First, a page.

News and Press Releases

Federal Jury Convicts Albuquerque Real Estate Broker On Wire Fraud Charges

FOR IMMEDIATE RELEASE
March 28, 2013

ALBUQUERQUE – Late yesterday afternoon, a federal jury returned a guilty verdict against Keith Michael Courtney, 31, of Albuquerque, N.M., on wire fraud charges after a three day trial, announced U.S. Attorney Kenneth J. Gonzales and Special Agent in Charge Carol K.O. Lee of the Albuquerque Division of the FBI.

Courtney and co-defendant John Johns, 40, also of Albuquerque, were indicted in Nov. 2011, on wire fraud charges. The three-count indictment alleged that between Nov. 2006 and Sept. 2007, Courtney and Johns schemed to defraud mortgage lenders by using straw buyers to apply for residential mortgage loans. At the time of the offenses charged, Courtney was part owner of Black Diamond Construction Company (BDCC), Veritas Mortgage Company and Polaris Realty, all of which maintained offices in Albuquerque. Johns was a loan officer with Veritas Mortgage Company.

In Feb. 2012, Johns entered a guilty plea to the indictment. During his plea hearing, Johns admitted his role in the unlawful scheme alleged in the indictment which resulted in three wire transfers of funds in the aggregate amount of $1,601,775.84 by mortgage lenders based on false and fraudulent representations made in connection with the sale of two residences built by Courtney’s business, BDCC.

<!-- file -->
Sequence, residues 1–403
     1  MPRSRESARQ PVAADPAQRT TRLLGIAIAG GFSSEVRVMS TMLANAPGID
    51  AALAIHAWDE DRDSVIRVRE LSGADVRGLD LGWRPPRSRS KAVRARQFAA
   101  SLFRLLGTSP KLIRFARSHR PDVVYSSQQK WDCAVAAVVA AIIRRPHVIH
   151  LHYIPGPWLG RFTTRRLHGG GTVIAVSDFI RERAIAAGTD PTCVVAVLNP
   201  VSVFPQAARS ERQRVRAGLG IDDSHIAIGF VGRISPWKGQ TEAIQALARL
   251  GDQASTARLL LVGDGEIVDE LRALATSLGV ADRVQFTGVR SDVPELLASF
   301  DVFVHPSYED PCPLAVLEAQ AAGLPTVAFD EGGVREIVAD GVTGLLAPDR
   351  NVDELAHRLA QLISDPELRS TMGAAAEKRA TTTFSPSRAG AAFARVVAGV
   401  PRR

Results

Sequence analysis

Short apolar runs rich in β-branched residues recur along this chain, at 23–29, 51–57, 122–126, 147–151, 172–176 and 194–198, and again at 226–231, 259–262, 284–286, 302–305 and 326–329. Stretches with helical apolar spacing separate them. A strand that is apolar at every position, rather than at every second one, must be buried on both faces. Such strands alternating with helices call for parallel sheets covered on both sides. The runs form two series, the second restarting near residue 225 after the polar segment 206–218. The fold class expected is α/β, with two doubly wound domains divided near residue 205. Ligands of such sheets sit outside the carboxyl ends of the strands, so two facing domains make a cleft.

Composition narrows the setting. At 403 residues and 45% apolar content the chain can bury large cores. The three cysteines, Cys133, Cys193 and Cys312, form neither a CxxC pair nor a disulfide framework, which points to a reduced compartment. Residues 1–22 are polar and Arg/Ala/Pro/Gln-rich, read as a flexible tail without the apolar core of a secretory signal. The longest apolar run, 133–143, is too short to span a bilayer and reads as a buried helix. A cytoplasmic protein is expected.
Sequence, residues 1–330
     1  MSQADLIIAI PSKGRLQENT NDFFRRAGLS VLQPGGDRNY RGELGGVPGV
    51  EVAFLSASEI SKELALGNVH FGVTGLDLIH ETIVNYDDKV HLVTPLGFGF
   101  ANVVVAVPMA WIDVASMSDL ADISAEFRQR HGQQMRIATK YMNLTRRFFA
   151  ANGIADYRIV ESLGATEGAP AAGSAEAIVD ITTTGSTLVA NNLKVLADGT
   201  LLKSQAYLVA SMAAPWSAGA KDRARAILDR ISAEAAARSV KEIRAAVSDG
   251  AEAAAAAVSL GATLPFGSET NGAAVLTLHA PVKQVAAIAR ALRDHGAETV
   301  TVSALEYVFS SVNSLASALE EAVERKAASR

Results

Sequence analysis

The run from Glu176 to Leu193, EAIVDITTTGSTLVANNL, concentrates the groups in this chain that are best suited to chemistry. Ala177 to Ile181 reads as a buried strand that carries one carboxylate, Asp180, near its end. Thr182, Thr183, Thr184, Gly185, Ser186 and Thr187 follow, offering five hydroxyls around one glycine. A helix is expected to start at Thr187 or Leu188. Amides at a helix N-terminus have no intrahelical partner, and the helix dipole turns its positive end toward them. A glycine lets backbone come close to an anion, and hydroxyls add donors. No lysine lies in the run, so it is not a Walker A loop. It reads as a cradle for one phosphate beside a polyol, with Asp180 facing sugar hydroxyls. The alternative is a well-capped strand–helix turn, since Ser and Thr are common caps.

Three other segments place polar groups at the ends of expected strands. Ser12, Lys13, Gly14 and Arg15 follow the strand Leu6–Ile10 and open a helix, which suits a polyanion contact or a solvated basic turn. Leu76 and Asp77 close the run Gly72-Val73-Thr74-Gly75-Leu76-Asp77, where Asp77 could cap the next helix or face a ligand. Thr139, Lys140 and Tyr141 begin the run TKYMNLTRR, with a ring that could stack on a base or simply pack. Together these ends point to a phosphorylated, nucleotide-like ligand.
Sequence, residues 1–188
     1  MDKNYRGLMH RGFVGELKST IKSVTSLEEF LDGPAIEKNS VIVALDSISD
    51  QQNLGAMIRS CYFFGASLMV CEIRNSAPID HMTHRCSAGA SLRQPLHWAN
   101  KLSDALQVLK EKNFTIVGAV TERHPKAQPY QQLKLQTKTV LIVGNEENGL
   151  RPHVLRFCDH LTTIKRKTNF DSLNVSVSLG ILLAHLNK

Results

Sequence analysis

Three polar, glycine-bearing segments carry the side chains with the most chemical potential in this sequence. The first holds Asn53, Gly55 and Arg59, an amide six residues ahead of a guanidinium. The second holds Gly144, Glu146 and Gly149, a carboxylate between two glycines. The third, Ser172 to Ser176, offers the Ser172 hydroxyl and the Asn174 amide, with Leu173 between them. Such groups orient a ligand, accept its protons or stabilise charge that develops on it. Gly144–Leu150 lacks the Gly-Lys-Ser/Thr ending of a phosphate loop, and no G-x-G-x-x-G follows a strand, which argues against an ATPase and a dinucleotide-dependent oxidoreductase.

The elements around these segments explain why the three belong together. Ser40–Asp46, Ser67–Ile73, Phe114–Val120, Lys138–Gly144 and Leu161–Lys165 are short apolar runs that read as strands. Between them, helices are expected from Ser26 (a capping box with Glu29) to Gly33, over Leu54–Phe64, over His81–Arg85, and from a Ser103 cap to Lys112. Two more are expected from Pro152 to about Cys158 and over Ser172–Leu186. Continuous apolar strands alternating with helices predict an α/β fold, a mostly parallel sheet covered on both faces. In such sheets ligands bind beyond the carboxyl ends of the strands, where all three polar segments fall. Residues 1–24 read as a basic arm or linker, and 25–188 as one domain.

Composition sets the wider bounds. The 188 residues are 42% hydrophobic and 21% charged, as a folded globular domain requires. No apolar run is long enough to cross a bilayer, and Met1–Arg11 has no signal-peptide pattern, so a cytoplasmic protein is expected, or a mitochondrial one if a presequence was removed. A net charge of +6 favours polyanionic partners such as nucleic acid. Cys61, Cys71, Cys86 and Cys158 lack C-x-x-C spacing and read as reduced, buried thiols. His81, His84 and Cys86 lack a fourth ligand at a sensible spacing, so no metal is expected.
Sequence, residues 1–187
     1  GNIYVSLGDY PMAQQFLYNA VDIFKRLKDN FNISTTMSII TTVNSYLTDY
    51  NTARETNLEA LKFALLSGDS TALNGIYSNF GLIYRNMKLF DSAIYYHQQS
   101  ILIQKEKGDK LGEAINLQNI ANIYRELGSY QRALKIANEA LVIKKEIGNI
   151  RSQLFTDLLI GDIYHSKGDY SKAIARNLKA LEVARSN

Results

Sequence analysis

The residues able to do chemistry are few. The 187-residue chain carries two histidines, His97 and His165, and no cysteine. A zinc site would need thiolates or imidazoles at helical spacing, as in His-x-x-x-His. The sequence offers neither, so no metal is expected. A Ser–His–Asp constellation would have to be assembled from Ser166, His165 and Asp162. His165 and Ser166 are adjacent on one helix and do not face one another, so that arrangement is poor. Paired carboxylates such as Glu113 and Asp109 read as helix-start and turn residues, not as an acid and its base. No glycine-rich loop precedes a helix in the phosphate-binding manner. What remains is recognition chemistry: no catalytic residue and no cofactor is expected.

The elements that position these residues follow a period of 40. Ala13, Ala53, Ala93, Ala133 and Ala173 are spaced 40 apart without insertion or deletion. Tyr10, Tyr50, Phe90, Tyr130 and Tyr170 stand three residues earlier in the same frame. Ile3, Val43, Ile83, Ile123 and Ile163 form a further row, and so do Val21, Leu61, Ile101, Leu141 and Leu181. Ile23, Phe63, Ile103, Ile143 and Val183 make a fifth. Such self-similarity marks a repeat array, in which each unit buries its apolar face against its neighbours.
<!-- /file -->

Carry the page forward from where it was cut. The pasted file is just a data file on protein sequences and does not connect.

Courtney proceeded to trial which began on March 25, 2013. The evidence at trial showed that Courtney’s company, BDCC, built two houses, one in Albuquerque and the other in Santa Fe. After the houses were completed, Courtney and Johns solicited straw buyers to purchase the houses, using the names and credit histories of the straw buyers to obtain financing from Plaza Home Mortgage Company and Lehman Brothers Bank. The loan applications falsely stated that the borrowers were buying the houses as primary residences, when in fact they had no intention of ever living in the houses. The straw buyers put no money into the transactions, did not make the mortgage payments, and were to receive $5,000.00 once the houses were resold. They were told that Courtney would make the mortgage payments until the houses were resold.

As a result of the false loan applications, which did not inform the lenders that the borrowers were straw borrowers, Plaza Home Mortgage Company wired two loans for $660,772.50 and $99,250.00 in connection with the Albuquerque house. Lehman Brothers Bank wired $641,803.34 for a loan in connection with the Santa Fe house. Courtney obtained an aggregate of $1,601,775.84 from the two mortgage lenders based on the fraudulent transactions. Courtney made mortgage payments on each property for a time after the transactions closed but ultimately stopped making payments on both, at which point the houses went into foreclosure. The mortgage companies suffered losses as a result.

The jury deliberated approximately two and a half hours before returning a guilty verdict on all three counts in the indictment.

Courtney remains on conditions of release pending his sentencing hearing, which has not yet been scheduled. At sentencing, Courtney faces a maximum penalty of 20 years in prison and a $250,000 fine on each of the three wire fraud counts of conviction. Johns also is on conditions of release pending his sentencing hearing, and faces the same maximum penalties.

This case was investigated by the Albuquerque Division of the FBI and is being prosecuted by Assistant U.S. Attorney Mary L. Higgins.

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